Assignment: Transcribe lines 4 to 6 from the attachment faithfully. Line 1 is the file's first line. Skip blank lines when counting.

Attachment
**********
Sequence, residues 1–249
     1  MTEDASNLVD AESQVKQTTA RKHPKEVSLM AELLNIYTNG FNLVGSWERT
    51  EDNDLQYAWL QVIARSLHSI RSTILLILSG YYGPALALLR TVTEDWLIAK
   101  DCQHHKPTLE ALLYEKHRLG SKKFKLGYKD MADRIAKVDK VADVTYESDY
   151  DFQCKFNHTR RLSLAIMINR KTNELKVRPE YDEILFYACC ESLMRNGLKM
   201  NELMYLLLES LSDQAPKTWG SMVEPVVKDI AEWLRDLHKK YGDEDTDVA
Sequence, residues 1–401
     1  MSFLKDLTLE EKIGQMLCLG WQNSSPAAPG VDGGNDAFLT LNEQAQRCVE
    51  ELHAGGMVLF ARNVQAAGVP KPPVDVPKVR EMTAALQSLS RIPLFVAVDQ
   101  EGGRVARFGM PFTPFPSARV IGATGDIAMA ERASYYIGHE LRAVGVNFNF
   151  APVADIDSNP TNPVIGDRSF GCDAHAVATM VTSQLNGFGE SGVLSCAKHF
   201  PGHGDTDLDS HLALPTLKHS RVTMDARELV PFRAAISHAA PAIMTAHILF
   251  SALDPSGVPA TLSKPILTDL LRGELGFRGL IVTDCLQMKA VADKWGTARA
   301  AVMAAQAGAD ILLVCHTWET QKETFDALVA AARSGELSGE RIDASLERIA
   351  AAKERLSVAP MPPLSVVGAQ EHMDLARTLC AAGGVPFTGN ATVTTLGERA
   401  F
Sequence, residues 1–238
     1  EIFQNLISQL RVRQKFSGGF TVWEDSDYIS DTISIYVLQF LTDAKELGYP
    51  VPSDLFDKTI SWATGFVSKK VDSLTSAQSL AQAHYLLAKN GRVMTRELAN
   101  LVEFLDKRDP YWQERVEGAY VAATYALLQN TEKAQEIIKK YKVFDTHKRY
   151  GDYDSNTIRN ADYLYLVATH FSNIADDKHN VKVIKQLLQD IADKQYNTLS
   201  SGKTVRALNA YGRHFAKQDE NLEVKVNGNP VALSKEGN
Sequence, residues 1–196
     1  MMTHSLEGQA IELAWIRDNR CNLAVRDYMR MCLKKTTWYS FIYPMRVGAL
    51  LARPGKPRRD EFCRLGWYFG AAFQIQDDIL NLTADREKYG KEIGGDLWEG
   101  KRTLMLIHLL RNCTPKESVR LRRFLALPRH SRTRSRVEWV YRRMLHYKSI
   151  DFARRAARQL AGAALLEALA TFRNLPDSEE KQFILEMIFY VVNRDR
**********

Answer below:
   101  DCQHHKPTLE ALLYEKHRLG SKKFKLGYKD MADRIAKVDK VADVTYESDY
   151  DFQCKFNHTR RLSLAIMINR KTNELKVRPE YDEILFYACC ESLMRNGLKM
   201  NELMYLLLES LSDQAPKTWG SMVEPVVKDI AEWLRDLHKK YGDEDTDVA